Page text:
Over the last week, the “retired” Massey Energy CEO, Don Blankenship, has once again become a bit of a national media darling. He’s done appearances on ABC News and MSNBC, among others. Perhaps the most ridiculous was the interview he did with something called HuffPost Live, which started out with this exchange:
Interviewer: I’m always interested when I talk to people who have reached the very top of their fields what they wanted to do when they were young. You were growing up in a not rich family with a single mother in a West Virginia town. Did you ever dream of being a titan of industry? What did you want to do?
Blankenship: I think I wanted to be a professional baseball player at the time.
Incredibly, later in that particular show, the host, Josh Zepps, asks Blankenship this question:
It can only imagine the kind of pressure a CEO and the chairman of a huge company is under. And if I try to put myself in your shoes or in the shoes of a CEO, I can sort of imagine that if i have a fiduciary responsibility to a board and shareholders to make sure the profits are as good as they can be, then I’m sort of sympathetic to the idea that, look I’m not forcing my workers to work here, I’m not forcing anyone to do anything. We all use energy, we all use coal. Providing America with cheap and affordable coal is my job. That’s my responsibility. Maybe there are corners that have to be cut. Is that a trade off that happens?
Eventually, Zepps is gushing at Blankenship, when he asks him about a variety of issues beyond coal mining:
You’re an interesting guy, so it’s interesting to get your thoughts on these political things.
What I couldn’t help thinking all week, though, after watching all 51 minutes of “Upper Big Branch: Never Again” was why the media was going along with Blankenship and calling this a documentary. Lots of people probably have lots of definitions of “documentary,” but here’s one that I found:
A documentary film is a nonfictional motion picture intended to document some aspect of reality, primarily for the purposes of instruction or maintaining a historical record.
It seems pretty obvious to me that so much of this YouTube video is fiction that the definition just doesn’t apply. Then there’s the notion of what part of reality it is trying to depict, not to mention whether it provides much to accurately maintain a historical record. But beyond that, it seems a little insulting to the good people who work hard to make real documentaries to lump this in with their films. Do we really think that this recycling of Blankenship’s discredited arguments about the Upper Big Branch Mine Disaster belongs in the same category as something like Hollow, the Appalachian interactive documentary that just won a Peabody Award?
Seriously now. You’re going to give us a former Massey board member pontificating about the disaster, and identify him as if he were just any old mining engineer?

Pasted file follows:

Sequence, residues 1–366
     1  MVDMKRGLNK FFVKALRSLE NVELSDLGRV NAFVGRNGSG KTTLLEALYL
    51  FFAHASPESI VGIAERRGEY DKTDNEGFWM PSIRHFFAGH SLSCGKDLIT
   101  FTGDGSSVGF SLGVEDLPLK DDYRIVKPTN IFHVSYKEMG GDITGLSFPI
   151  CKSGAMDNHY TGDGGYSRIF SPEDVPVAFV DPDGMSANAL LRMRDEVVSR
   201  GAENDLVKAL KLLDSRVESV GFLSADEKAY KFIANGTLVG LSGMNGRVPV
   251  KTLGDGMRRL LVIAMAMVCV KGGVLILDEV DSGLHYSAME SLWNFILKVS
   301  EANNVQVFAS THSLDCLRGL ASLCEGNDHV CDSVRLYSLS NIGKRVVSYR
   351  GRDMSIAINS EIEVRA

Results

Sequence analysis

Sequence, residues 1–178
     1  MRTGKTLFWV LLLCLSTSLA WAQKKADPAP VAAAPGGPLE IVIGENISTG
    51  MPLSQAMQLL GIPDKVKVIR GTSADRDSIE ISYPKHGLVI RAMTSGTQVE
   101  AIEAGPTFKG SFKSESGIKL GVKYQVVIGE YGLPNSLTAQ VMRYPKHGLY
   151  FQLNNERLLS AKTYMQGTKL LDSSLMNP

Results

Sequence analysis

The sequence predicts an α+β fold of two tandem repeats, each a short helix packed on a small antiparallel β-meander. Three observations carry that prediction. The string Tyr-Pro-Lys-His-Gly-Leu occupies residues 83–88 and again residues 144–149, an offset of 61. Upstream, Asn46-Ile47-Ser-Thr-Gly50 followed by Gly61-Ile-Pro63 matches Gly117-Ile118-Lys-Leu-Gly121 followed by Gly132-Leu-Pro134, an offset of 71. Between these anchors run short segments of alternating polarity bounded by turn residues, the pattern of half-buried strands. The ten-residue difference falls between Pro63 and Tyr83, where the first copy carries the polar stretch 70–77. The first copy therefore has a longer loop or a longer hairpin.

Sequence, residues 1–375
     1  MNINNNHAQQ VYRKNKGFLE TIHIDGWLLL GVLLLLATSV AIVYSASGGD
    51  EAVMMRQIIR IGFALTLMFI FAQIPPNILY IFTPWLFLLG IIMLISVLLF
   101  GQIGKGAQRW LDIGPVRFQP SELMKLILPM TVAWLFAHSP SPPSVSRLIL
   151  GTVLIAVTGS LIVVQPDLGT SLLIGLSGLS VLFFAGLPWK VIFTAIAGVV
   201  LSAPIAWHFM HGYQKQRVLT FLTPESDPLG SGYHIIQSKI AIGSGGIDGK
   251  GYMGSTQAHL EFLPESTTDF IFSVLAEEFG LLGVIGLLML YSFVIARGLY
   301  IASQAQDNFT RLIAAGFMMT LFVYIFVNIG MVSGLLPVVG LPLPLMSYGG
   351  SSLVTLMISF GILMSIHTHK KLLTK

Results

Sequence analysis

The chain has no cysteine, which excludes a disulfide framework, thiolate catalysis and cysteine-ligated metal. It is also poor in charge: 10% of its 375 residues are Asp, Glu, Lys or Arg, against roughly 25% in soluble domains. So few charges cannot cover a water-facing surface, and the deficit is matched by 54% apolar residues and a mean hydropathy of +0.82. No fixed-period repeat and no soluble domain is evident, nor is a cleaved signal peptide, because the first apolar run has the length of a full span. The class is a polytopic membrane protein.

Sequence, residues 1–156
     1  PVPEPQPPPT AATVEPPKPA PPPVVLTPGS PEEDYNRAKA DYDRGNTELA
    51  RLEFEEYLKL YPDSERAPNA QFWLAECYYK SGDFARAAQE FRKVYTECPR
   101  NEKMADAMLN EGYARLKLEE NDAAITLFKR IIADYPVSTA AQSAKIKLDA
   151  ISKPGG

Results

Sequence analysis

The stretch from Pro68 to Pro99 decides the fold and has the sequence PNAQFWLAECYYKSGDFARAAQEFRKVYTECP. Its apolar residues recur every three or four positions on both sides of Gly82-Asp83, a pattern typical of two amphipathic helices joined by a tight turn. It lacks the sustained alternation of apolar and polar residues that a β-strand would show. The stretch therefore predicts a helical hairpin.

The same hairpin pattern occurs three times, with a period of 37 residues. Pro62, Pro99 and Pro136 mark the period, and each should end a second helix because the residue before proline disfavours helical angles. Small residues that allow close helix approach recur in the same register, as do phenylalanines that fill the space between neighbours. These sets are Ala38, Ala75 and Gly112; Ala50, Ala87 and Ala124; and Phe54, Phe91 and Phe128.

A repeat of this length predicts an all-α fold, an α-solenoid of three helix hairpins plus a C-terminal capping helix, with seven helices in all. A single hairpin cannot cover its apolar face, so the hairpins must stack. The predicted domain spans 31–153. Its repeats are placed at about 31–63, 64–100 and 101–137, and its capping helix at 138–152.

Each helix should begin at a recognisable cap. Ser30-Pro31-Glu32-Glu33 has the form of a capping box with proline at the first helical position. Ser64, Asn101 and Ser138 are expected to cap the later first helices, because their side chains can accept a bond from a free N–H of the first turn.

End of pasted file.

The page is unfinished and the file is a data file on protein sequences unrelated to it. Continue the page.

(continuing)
By now, if you’re following this issue at all, we know that some of the individuals interviewed for the video have said they either didn’t understand Blankenship’s involvement in funding the project or allege they were specifically misled about his role.
And of course, we’ve seen the somewhat bizarre situation in which Sen. Joe Manchin, D-W.Va., is complaining he didn’t know about Blankenship’s role and demanding that the video be removed from the Internet and not distributed. You have to wonder how this possibly could have happened. And most importantly, some of Sen. Manchin’s comments included in the video were a bit odd.
For example, when the interviewer in the video is pitching Blankenship’s view that a massive inundation of natural gas was what caused the explosion, Sen. Manchin responds, “I never heard that. I always assumed that it was methane.” What? To be sure, the Blankenship-Massey “Act of God” theory about a natural gas inundation got plenty of attention from the media (see here and here, for example). It’s hard to believe Sen. Manchin had never heard of it or wasn’t briefed on that controversy. Surely Sen. Manchin read MSHA’s report on the disaster, and it discusses this issue extensively.
One of the more maddening things about the media coverage of all of this is the apparent inability of so many journalists to provide a little more detail about the major issue underlying the theory of the disaster that Blankenship is trying to push. Remember that four separate investigations — the federal government, the state government, the United Mine Workers, and the independent team led by Davitt McAteer — concluded that a small methane ignition in a poorly maintained and inadequately rock-dusted mine fueled a gigantic coal-dust explosion that killed 29 miners.